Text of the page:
As with 2014, the proportion of full-time law students paying full freight fell substantially at the average law school not in Puerto Rico. In 2015, the last year for which data are available, the average was 28.1 percent, down from 32.9 percent. In 2011, the average was 20 points higher.
A decade ago, more than half of law students paid full tuition; now, not even one in three does.
At the average private law school, nearly as many students who received half-to-full tuition grants paid nothing at all. Those numbers might have converged this year, but the crunch in students has decelerated, so they may have leveled off. Nevertheless, law schools must be losing a lot of money.
Indeed, in 2015, revenue from full-time students paying full tuition is now half its peak in 2011. At freestanding private law schools, including the for-profits, it’s fallen to one third. In 2001 the median private law school made $9.0 million on these students. In 2015, it took in $4.3 million.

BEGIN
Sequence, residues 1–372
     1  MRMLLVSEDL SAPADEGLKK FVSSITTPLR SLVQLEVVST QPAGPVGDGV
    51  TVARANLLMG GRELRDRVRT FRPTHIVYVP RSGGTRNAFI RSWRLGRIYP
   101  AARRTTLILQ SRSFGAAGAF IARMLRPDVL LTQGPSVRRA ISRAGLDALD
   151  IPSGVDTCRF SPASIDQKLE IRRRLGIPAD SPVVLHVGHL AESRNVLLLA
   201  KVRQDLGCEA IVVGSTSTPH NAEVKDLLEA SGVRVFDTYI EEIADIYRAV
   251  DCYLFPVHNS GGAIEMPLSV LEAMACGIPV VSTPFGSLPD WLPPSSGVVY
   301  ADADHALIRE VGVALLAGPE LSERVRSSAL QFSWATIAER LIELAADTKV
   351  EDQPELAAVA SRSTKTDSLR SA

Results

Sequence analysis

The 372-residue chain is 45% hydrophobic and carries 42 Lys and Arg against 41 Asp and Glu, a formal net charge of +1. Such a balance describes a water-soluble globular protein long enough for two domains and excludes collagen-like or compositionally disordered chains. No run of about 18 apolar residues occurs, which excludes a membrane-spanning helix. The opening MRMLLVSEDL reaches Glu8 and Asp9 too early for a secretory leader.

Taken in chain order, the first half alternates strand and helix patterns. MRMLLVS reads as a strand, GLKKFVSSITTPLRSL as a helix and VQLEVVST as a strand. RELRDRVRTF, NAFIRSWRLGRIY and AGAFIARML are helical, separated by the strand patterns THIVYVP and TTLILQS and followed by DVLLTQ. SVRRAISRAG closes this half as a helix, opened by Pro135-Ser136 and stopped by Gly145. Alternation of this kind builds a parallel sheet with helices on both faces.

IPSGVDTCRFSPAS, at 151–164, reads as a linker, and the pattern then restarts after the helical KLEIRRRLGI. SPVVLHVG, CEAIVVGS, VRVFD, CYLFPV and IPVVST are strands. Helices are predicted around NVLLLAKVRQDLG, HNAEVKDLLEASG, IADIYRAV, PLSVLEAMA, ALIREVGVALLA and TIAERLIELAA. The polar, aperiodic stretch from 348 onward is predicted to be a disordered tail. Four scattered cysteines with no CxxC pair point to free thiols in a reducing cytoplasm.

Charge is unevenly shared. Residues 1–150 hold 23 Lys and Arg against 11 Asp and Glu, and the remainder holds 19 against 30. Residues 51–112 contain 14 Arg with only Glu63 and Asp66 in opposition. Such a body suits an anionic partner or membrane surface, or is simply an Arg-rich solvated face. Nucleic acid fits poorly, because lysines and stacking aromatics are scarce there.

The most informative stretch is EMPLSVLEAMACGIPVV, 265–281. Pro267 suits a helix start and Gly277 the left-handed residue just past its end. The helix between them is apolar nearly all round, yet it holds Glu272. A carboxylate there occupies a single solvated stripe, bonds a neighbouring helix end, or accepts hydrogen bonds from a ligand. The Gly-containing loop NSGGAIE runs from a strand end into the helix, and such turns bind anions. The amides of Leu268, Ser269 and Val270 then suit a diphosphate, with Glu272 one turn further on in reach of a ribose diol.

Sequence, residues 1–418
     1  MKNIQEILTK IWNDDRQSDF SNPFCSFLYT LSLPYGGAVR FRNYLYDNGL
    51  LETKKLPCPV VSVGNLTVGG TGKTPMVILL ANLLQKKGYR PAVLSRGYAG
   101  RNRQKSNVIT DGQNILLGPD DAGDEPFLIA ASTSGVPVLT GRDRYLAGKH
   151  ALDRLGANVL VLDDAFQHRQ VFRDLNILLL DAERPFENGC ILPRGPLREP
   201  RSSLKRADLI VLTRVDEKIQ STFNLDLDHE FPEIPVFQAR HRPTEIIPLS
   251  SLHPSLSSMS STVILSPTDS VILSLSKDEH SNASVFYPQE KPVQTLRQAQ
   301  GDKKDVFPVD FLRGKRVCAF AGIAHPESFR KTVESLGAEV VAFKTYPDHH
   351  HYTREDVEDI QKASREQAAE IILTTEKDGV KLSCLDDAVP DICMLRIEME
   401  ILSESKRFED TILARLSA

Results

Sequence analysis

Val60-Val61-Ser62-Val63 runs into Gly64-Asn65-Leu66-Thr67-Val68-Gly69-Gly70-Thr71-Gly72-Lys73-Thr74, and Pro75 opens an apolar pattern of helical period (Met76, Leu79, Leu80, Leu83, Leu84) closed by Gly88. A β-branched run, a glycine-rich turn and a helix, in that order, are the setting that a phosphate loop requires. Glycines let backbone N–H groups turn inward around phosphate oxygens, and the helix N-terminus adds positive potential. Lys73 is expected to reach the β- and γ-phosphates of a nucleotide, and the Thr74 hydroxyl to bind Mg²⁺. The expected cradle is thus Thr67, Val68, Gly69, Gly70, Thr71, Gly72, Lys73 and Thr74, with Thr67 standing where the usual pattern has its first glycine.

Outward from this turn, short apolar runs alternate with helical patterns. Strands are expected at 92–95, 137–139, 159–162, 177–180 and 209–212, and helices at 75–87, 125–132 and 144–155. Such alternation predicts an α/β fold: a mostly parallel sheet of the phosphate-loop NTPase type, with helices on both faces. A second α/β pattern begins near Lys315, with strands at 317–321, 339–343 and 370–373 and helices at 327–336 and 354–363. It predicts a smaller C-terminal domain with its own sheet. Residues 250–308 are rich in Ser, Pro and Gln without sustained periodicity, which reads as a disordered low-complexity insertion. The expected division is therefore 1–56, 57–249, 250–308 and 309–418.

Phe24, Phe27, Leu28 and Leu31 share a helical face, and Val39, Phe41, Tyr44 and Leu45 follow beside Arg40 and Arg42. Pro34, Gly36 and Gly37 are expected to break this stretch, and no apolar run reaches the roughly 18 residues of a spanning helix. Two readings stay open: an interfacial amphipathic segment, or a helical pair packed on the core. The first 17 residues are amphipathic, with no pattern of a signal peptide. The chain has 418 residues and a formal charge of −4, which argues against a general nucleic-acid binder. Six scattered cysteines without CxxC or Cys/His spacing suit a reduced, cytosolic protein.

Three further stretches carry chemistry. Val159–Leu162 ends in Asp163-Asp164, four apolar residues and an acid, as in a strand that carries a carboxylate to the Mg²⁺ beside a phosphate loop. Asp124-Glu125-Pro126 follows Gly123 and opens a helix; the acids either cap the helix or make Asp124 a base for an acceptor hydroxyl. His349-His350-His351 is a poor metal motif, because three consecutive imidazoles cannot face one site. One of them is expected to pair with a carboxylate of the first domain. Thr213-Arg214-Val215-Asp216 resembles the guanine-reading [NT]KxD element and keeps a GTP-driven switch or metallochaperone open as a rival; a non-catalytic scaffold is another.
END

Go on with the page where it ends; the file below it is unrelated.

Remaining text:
So how substantially are law schools discounting? Here’s what tuition discounted by the median grant looks like at private law schools by the mean of their full tuition quintiles. It’s a mouthful, but the idea here is to set full tuition as the independent variable and let the discounted tuition float.
We find that law schools charging in the fourth quintile of full tuition (~$49,000) discount so much that they’re cheaper than the median discounted tuition of the third full-tuition quintile (~$45,000). Meanwhile, the gap between private law schools in the fifth quintile (~$56,500) and the rest is widening. What’s also obvious is how much more law schools are willing to charge students paying full freight.
Information on this topic from previous years:
- “Full-Time Students Paying Full Tuition Fell ~5 Percentage Points in 2014” (January 4, 2016)